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by Laura



It was love at first sight.

Eventually through the course of making your acquaintance, the mention of “dead” and “husband” in the same sentence causes said acquaintance to pity you, with it oozing from their eyeballs and buried in their sympathetic comments. So, again, you say it was love at first sight. To friends, lovers, almost strangers, and even a coworker or two. You’re still not sure whether it was love at first sight, or even lust at first sight, if you ever really saw him at all. At this point anything but that instant love of which you so adamantly speak would be an insult. It’d be an insult to him, with whom you’re closer now than when he was alive. It’d also be somewhat of an insult to you, with your good moral standing, permanent smile, and firm calf muscles.

Truth is, you met him at a frat party. He came up to you with a cracked plastic cup in his hand, knees buckling under the oppressive weight of his ego. You had to have him, and if he wanted to come along that was fine, too.

In his room two hours later and your mouth is sliding a condom (ribbed for her pleasure) over his erection. Teeth, you’re careful about your teeth. Sneezing once when you had a mouthful of cock is not one of your fondest memories. Flat on your back, his hands are sliding all over your body as if he’s trying to climb a rope and can’t quite get a grip. You don’t like waiting for things and now it’s his turn to lie on his back.

You’re straddling his lap, cold balls against the inside of your thigh, cock currently throbbing against your stomach. You run a hand over his chest, he flinches when the ring on your index finger catches on his chest hair. You smile and do it again. He flinches and seems a little more sober than he did a few minutes ago.

“Can’t you take that off?”

You try not to smirk. “Why? Does it hurt?”

“No.” It’s his first lie. “It’s cold.”

“You’ll forget soon enough.”

He starts to sit up, thinking it’s his cue to “fuck you”, since only men can fuck. You push him back down with one hand and with the other you grab his erection and ease yourself onto it. He’s not big, but it’s been a while and you’re tight. You inhale, like you’re trying on a pair of jeans that are too small, and slowly take him in completely. Straddling his thighs once again you lean forward and grab his shoulders. He leans forward at the same time, thinking you want to kiss him. You don’t and he seems embarrassed. After a few sloppy thrusts he doesn’t want to kiss you anymore. It’s the Kentucky Derby, the tightening of your stomach muscles reminding you how long it’s been, and you’re riding him like he’s the chosen favorite with the finish line just in sight. In the back of your mind you knew it wasn’t love, but you are many things and fallible will never be one of them.



“Does it hurt when you're with House? Little pain in the tummy, but it sort of feels good, too?”

Briefly you consider killing Foreman. As a result, you’d be stuck for an indeterminable amount of time with only Chase. You decide you can’t risk that.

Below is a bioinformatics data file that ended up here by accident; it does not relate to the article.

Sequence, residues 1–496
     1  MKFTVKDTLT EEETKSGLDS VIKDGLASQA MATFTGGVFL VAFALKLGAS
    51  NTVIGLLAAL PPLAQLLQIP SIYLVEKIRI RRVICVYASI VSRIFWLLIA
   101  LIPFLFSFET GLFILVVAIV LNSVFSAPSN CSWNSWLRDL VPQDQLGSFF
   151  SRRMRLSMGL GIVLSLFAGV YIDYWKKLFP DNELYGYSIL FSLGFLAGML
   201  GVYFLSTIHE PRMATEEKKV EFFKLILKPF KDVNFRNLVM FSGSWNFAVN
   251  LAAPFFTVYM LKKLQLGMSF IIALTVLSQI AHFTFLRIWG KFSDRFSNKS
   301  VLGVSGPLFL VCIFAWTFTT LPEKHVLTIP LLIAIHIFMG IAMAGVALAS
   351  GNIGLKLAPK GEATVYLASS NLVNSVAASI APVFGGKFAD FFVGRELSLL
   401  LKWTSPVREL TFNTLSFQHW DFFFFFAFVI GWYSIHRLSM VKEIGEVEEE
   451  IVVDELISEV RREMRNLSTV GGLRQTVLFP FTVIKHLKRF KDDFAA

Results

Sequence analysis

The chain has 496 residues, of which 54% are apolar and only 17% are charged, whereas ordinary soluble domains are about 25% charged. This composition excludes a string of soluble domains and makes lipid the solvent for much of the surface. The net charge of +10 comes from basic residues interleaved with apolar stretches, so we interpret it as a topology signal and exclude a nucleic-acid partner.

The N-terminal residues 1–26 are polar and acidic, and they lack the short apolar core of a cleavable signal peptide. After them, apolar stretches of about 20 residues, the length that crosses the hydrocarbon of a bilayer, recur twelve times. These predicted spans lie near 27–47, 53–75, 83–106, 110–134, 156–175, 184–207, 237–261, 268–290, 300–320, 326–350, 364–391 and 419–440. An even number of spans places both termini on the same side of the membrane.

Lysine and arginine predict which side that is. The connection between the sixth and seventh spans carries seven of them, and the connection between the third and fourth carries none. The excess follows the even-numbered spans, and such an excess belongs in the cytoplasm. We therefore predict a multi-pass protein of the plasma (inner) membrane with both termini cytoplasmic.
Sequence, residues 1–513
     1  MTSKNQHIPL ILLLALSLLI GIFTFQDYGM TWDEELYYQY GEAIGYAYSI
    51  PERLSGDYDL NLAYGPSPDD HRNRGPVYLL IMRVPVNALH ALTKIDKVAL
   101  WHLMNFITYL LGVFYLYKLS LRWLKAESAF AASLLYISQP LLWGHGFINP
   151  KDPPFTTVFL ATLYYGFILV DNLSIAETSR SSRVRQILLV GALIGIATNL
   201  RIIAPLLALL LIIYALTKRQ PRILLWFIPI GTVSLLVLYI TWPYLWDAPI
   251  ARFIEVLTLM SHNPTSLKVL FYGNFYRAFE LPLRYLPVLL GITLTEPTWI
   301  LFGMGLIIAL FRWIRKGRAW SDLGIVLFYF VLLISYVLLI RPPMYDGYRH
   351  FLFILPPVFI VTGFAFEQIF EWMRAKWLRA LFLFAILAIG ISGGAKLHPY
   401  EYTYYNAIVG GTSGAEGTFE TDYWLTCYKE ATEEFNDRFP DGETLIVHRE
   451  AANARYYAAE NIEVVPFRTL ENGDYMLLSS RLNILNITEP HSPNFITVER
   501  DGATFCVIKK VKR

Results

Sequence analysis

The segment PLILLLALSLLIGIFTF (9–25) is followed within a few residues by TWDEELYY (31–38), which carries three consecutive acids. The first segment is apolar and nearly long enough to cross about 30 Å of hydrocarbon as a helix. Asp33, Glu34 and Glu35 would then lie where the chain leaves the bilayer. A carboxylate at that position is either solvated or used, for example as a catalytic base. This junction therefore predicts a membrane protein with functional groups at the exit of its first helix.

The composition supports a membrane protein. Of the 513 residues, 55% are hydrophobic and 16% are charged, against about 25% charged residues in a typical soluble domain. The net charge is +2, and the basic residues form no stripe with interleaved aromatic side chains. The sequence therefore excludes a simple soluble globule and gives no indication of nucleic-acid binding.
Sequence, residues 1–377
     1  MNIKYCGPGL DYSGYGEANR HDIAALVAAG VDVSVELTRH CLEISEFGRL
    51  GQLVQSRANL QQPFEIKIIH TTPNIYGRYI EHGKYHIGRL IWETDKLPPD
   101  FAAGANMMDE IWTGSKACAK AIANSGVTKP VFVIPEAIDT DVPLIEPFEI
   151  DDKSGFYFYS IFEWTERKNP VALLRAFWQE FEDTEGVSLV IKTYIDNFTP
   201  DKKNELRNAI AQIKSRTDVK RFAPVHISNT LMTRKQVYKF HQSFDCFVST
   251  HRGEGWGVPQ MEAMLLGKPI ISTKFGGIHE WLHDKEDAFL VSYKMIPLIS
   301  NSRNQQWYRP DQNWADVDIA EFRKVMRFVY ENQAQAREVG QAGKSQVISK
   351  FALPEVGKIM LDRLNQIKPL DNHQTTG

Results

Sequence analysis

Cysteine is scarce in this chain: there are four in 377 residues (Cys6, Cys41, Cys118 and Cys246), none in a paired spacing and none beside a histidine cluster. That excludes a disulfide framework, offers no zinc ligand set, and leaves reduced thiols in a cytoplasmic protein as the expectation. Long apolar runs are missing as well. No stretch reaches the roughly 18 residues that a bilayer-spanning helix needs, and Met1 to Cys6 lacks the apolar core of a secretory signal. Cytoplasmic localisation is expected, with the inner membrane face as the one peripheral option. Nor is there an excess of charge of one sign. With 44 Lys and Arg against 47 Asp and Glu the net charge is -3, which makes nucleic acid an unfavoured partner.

House strolls, his version of a stroll, into the lab in the midst of Foreman’s teasing. He rattles off seemingly pointless information and as he walks by you keep your head down and eyes on the table like you’re passing the scene of an accident. You try paying attention but all you can think about is his mouth biting the insides of your thighs and his voice humming, raspy against your sex. Mind over matter, you repeat silently, while crossing your legs and ignoring the fabric of your slacks straining with the movement. Your ears pick up something akin to ‘smoker’ and you scramble through the paperwork in front of you to find anything resembling a response.

The hopefully relevant reply dies in your throat when House’s chest is pressed lightly against your back. His heartbeat torturous against your shoulder blade, he looks down at you expecting an answer.

“Two weeks,” you murmur, like a dirty secret between the both of you.

Having received his information, he walks out of the lab.

This had better be resolved soon; he can make you wet simply by reciting a litany of medical abnormalities, and there is nothing normal about your all to quickly dwindling resolve. He doesn’t have feelings for you, or so he claims, but having just shared his heartbeat you realize he’s the worst kind of liar because he lies only to himself.



A doctor enters the exam room. You haven’t seen him before; he’s clutching a clipboard tightly. Those must be the test results. They’ve come back quickly and you know right away the news can’t be good.

“Matthew? I’m Dr. Vincent.”

He shakes Matt’s hand and turns to you.

“And you are?”

“Allison. I’m,” hesitating, you don’t like being classified as anything, “ … I’m his girlfriend.”

“Ah.” He looks between the both of you, and then focuses his attention onto Matt.

Matt is still sitting on the exam table, wondering why he’s had to come to the doctor three times just because he’s had neck pain on and off for a few weeks and some hoarseness when he speaks. His feet are dangling over the edge of the table and he looks like a scared little kid.

“Tell me Matthew-”

“Matt’s fine.”

Dr. Vincent walks over to Matt and checks the lymph nodes on either side of his throat.

“Hmm. A little firmness. Does this hurt at all, Matt? Any tenderness when I apply pressure?”

“A little. I figured it was a sore throat.”

Dr. Vincent sits on the stool at the end of the exam table and flips open Matt’s chart.

“Here’s what we’re looking at. We’ve done a history, a complete physical, a few laboratory tests, an ultrasound, and a few thyroid scans. And,” he takes a breath, “I’m sorry, but most likely it’s thyroid cancer.”